Who will be your main users?
James Sharpe’s lab is the first one up and running at EMBL Barcelona, so they will be using our services for sure. Also the new groups joining EMBL Barcelona like Vikas Trivedi’s group. He wants to look at organoids with a higher throughput than we can currently achieve. It will be interesting to develop that with his group, and techniques for other groups as well. EMBL Barcelona also has collaborations with research labs in Barcelona, many of them located in the same building as us – the Barcelona Biomedical Research Park (PRBB). We also welcome users from the rest of Spain, Europe and beyond.
What would you like to achieve at EMBL?
The immediate goal is to get the facility running at full capacity with staff and instruments to support the scientists. But I would also like to create a network of imaging facilities or labs that can provide different levels of imaging to study biology and make this available to users. EMBL Barcelona’s collaboration with the Centre for Genomic Regulation (CRG) already provides part of that: we have the Mesoscopic Imaging Facility while they provide confocal and super-resolution microscopy. But I would like to expand this to other research centres and types of imaging, from electron microscopy to in vivo imaging.
How does it feel to work in a facility?
It really varies, sometimes you have a big project that you need to focus on for a week, a month or longer but other times there are many different things that you have to do in a day. That’s one of the things I enjoy – it doesn’t get boring because there are a lot of different things you do.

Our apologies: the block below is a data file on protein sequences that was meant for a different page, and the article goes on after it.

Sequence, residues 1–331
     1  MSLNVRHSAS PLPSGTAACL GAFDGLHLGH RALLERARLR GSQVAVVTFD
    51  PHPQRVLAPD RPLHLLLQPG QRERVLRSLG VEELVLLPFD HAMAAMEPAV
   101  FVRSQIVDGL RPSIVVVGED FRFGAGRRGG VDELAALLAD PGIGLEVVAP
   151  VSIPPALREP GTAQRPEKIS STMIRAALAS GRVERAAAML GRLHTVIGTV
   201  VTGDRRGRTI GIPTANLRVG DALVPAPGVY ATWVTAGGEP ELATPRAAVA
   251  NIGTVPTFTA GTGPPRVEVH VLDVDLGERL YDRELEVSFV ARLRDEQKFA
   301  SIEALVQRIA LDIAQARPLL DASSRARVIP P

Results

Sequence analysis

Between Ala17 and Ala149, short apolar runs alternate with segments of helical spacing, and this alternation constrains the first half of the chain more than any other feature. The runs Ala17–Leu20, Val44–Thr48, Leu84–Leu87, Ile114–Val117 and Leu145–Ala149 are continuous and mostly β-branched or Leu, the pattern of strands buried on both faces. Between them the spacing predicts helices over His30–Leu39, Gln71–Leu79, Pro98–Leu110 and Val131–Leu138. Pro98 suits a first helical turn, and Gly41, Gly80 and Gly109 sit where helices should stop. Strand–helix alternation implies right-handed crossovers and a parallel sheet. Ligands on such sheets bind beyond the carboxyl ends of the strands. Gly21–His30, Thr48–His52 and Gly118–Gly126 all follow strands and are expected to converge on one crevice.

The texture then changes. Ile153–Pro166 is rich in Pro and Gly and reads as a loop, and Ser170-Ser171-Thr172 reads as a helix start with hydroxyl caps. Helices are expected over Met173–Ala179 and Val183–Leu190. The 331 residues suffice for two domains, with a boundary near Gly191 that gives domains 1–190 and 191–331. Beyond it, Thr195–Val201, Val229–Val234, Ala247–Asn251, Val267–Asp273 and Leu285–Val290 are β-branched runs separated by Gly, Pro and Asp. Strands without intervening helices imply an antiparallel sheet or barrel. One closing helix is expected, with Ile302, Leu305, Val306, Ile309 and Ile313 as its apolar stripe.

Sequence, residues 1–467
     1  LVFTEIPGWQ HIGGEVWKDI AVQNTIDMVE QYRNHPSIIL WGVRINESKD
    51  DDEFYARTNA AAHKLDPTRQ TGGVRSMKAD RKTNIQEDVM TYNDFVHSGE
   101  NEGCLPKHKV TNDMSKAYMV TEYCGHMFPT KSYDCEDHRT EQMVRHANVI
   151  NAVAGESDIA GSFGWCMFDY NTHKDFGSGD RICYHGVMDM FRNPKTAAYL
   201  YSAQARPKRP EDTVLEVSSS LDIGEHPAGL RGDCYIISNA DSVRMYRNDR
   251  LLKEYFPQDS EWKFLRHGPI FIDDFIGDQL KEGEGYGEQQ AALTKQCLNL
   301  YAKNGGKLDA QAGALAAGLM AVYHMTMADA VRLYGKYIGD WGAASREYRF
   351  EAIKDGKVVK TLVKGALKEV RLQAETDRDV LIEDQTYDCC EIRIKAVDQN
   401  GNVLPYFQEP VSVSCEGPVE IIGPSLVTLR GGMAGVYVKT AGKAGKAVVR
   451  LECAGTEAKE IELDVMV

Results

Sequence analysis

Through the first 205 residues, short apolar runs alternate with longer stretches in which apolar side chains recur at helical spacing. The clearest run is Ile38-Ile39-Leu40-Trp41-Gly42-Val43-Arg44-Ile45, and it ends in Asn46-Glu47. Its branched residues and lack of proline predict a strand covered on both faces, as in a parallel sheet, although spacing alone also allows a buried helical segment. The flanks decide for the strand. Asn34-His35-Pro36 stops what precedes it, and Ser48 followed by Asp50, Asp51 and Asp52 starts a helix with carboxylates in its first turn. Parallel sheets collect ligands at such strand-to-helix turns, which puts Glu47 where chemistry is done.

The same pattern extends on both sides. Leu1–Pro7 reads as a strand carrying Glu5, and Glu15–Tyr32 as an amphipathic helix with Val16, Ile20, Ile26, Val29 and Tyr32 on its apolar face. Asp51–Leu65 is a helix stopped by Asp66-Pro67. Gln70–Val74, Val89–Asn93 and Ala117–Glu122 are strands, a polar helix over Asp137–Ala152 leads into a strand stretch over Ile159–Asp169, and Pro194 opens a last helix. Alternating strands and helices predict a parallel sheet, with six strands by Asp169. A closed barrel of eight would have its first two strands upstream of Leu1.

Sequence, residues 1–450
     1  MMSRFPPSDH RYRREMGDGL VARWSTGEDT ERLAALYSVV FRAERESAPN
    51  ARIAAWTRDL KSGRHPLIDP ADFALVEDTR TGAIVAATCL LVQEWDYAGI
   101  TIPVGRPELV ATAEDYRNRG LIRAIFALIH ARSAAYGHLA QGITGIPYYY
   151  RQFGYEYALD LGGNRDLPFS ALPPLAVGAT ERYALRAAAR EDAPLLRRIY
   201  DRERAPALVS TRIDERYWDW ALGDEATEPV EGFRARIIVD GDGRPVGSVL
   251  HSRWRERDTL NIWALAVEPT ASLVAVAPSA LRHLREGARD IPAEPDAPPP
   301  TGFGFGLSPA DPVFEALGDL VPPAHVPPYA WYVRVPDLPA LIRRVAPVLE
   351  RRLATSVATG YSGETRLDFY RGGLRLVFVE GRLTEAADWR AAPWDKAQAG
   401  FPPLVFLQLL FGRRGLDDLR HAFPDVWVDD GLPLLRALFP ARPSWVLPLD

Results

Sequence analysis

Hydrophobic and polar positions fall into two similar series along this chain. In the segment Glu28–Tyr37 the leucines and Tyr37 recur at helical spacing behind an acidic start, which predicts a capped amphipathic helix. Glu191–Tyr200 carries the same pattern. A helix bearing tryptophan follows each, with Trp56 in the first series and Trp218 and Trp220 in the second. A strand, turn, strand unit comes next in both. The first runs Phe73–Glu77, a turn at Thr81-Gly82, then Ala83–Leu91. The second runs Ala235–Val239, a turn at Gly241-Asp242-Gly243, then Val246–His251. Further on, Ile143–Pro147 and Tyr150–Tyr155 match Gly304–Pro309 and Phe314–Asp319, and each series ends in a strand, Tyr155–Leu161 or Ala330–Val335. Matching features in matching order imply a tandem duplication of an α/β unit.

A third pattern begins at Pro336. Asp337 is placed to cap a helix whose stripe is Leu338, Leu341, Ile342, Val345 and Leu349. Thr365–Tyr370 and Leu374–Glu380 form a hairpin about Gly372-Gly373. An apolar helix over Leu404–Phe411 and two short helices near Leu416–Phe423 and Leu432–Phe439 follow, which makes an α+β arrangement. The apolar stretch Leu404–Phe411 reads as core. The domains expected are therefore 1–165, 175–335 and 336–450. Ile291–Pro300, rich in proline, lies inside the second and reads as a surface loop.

You also need to enjoy working with people. Since we have new types of imaging equipment that are not yet widely used, we need to work very closely with our users because there are very few people who’ll be able to prepare samples without our help. Having a flexible and service-oriented personality is very important – on top of the technical skills, of course!
What advice do you have for young scientists thinking about their future?
I think it’s key for anyone, but especially for scientists, to get out of their comfort zone and live abroad. To experience new work environments is important to grow professionally. I’ve worked in very international labs and institutes in Heidelberg, Edinburgh and Barcelona, which are three very nice cities to live in. That makes a difference to me.
Have you ever failed in your career?
I built my first microscope when I joined Ernst Stelzer’s lab at EMBL Heidelberg. It was a variation of a confocal microscope, and it was extremely difficult to align the thing. In the end, it only worked for a couple of weeks: that was extremely frustrating! It wasn’t until I took apart the microscope that I realised it didn’t work because there was a broken piece. That part breaking was an accident, but the fact I designed it the way I did – and had to take it apart completely to know what was wrong – is something I’ve learned to avoid.